Don’t Let Railroads Become Roadblocks
Take advantage of resources available to help EMS and other first responders avoid delays caused by railroads and respond safely to incidents on or near railroad crossings
If you’ve been in EMS long enough, it’s probably happened to you: You’re on the way to an emergency call, or taking a patient to the hospital, and you have to stop for a train.
In most cases, the train quickly passes, or there’s an alternate route. But sometimes, a train is stopped on the tracks, delaying EMS and other first responders and potentially impacting patient care. This can be especially problematic in rural areas, where there might not be an easy way around or another ambulance to dispatch.
A recent news story even highlighted an ambulance that was delayed for several minutes while treating a patient in cardiac arrest. While the delay may or may not have made a difference in the outcome in this particular case, the story highlighted the possible detrimental effect of similar situations.
Fortunately, resources exist to help first responders facing these circumstances. According to Michail Grizkewitsch with the Federal Railroad Administration’s Office of Railroad Safety, one of the first things responders can do is look for a blue Emergency Notification System sign with two sets of numbers on it. One is the phone number that will connect them directly to the railroad dispatcher overseeing that specific track. The other number is a unique Department of Transportation identifier for that crossing, so you can quickly let the dispatcher know where you are.
“First responders should directly call that number so they can immediately talk to the railroad dispatcher,” Grizkewitsch said. By calling from the scene, rather than asking their emergency communications center to call, the responders can save critical time and provide important information directly to the railroad. Using the phone number on the sign is critical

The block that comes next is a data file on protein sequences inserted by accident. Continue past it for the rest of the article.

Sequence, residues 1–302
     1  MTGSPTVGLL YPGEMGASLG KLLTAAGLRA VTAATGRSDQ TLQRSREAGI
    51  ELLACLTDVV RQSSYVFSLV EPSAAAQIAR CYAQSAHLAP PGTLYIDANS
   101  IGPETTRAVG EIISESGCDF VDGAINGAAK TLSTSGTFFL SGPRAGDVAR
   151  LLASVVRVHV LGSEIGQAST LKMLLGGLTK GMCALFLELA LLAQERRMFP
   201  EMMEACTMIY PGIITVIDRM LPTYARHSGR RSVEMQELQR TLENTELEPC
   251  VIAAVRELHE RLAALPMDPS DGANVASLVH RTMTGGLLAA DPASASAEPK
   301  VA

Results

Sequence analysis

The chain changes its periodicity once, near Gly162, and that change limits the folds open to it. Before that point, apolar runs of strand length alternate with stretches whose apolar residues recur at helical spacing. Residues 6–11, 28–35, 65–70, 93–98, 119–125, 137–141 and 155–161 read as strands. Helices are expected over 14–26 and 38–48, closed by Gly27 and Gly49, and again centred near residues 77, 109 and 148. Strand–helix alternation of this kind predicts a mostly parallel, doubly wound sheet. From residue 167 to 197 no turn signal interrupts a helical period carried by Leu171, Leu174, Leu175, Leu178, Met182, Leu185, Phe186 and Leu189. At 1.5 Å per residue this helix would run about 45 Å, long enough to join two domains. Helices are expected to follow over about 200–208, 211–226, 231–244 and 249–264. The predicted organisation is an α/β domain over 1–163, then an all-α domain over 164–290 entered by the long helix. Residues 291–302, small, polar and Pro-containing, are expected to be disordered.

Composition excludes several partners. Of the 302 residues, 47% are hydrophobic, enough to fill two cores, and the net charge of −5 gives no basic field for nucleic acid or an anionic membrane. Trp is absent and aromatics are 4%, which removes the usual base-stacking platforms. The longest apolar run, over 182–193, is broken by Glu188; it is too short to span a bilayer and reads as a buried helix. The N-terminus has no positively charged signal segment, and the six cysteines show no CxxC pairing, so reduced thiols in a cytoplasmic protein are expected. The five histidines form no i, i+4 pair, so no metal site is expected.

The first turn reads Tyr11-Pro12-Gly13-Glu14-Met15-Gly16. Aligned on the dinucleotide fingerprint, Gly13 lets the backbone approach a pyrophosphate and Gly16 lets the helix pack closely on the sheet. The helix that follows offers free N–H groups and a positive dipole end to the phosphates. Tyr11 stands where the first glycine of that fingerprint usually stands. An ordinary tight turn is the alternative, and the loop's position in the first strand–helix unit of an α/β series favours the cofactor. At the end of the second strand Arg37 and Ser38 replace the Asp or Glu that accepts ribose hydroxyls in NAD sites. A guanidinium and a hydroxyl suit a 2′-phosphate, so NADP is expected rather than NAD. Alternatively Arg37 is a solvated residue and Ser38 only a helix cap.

In addition to using the ENS number to report or request information about a blocked crossing, it can also be used to notify the railroad of malfunctioning crossing warning devices or emergencies on the tracks, such as a stalled vehicle. (EMS clinicians and other first responders should always follow their state and local policies for making notifications.)
The FRA is also tracking railroad crossings that are chronically blocked to try to correct problems and avoid future delays to emergency vehicles. In 2019, FRA launched the Public Blocked Crossing Incident Reporter web portal to enhance our knowledge about blocked crossings, and they encourage affected persons, including emergency responders, to submit reports when they encounter such conditions. The information and data collected is used by FRA and other regulators to work with the railroads to correct these issues and minimize the impact of blocked crossings.
The Federal Railroad Administration has also created educational materials that go into more detail on these topics as well as other railroad safety issues relevant to first responders.
Another resource provided by FRA is the Rail Crossing Locator Mobile App, which shows all grade crossings and includes the information posted on the blue ENS signs, in case a sign is not visible or damaged. Organizations can also access a GIS layer with the same information, which can be inputted into a computer-aided dispatch (CAD) system or used for planning.
FRA has also created a series of videos for first responders that outline railroad safety and emergency response information. The videos, fact sheets and other information can all be found on the FRA’s first responder resource page. A new video, created specifically for educating EMS personnel, is also in production and will be available later this year. Make sure you are signed up to receive updates from the NHTSA Office of EMS to find out when the video is available and how to access it.